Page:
You can’t imagine a black genetic engineer as your main character? An Hispanic lesbian piloting a starship? Then your imagination needs some revamping. You need to start thinking outside the box. Open up your corner of the world to more possibilities.

5) If my main characters are non-white, a publisher (or reader) won’t buy my book.

They bought Justine Larbalestier’s LIAR (although there was the whole #racefail issue with the original cover). Sherman Alexie’s THE ABSOLUTELY TRUE DIARY OF A PART-TIME INDIAN. Malinda Lo’s HUNTRESS. It’s true that there are few enough diverse main characters that we’re still writing blog posts like this one or the one here. But if it’s a wonderful book, publishers will buy it.

And as for readers, this is a bit of a self-fulfilling prophecy. We don’t want to write diverse characters because we’re afraid readers won’t buy them. But readers can’t buy what hasn’t been written. If your story with diverse main characters is wonderful, readers will seek it out.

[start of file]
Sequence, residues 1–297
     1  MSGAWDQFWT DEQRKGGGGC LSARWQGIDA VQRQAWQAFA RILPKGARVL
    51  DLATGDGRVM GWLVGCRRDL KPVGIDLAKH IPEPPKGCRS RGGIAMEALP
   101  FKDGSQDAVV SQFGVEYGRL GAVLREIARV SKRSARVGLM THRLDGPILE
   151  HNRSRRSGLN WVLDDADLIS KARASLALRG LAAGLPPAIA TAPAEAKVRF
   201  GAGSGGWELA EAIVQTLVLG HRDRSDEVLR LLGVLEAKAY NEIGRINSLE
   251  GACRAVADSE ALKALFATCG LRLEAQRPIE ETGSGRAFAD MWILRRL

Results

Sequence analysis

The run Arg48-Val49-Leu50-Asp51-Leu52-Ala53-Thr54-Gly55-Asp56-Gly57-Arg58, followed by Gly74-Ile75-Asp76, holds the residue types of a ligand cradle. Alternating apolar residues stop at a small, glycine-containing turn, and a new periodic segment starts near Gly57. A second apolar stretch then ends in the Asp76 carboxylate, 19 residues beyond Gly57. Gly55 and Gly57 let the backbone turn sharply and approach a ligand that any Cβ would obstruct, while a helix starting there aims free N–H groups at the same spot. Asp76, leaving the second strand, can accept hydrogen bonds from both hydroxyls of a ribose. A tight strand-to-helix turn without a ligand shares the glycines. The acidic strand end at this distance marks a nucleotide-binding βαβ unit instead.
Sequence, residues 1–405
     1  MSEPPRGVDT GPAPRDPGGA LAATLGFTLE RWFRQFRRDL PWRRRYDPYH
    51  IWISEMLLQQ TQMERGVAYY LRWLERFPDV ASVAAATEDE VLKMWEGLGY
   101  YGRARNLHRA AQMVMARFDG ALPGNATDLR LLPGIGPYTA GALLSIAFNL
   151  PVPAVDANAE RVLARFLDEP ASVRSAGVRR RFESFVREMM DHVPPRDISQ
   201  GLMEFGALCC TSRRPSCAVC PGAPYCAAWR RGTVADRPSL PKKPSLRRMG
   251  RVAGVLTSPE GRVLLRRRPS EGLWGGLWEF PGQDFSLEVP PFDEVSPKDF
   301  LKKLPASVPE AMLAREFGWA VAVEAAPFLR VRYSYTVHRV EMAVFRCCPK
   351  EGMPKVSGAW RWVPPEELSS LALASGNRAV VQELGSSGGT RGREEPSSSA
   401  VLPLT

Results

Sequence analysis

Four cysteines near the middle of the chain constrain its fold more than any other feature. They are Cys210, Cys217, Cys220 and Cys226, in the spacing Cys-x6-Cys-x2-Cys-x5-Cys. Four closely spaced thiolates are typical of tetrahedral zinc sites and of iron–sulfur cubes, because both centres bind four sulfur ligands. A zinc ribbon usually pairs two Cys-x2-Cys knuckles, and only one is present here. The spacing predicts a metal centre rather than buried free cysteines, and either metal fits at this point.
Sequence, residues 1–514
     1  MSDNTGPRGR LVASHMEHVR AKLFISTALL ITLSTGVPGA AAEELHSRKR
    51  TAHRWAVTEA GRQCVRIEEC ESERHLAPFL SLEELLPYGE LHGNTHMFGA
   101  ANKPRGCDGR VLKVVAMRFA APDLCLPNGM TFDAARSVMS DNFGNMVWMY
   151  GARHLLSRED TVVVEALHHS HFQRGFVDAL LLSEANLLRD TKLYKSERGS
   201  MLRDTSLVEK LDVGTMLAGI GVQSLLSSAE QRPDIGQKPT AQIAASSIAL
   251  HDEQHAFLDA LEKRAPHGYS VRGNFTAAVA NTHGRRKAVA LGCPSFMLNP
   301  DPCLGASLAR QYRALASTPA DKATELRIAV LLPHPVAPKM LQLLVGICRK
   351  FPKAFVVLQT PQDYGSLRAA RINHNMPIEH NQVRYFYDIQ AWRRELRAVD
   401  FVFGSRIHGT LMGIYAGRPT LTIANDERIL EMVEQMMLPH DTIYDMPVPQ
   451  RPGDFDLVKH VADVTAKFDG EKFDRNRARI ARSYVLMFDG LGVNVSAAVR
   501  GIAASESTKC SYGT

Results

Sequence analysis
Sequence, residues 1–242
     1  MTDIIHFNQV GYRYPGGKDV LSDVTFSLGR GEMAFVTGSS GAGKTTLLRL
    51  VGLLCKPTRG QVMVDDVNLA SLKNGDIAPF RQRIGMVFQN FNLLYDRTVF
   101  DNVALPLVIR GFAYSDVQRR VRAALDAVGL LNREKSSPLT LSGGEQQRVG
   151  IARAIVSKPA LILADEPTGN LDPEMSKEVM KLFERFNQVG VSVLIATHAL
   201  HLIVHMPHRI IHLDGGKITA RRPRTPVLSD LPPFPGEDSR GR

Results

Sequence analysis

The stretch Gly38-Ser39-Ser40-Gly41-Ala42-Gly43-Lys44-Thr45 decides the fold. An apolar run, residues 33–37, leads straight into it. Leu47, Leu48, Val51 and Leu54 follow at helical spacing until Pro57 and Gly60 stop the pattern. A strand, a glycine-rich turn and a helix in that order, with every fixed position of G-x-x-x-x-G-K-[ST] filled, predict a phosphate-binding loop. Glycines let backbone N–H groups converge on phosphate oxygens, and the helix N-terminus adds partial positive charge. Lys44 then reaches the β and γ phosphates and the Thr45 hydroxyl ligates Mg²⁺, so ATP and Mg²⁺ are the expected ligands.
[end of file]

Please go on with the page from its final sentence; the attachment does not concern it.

Karen SandlerGenre-conflicted author of science fiction (the young adult trilogy, TANKBORN, AWAKENING, and REVOLUTION from Tu Books), mystery (CLEAN BURN, a Janelle Watkins mystery from Exhibit A) and romance (fun, sexy romances, indie published). Visit my website, www.karensandler.net.

New Releases

We have quite a range of choices this week with a flirtaionship, suicide with a bit of poetry, and the Trail of Tears. We also have one that we missed last week. I know Tim Tingle is a fantastic storyteller, so I am definitely looking forward to reading How I Became a Ghost. Have a great week!

nikkiGet Over It by Nikki Carter
K-Teen/Dafina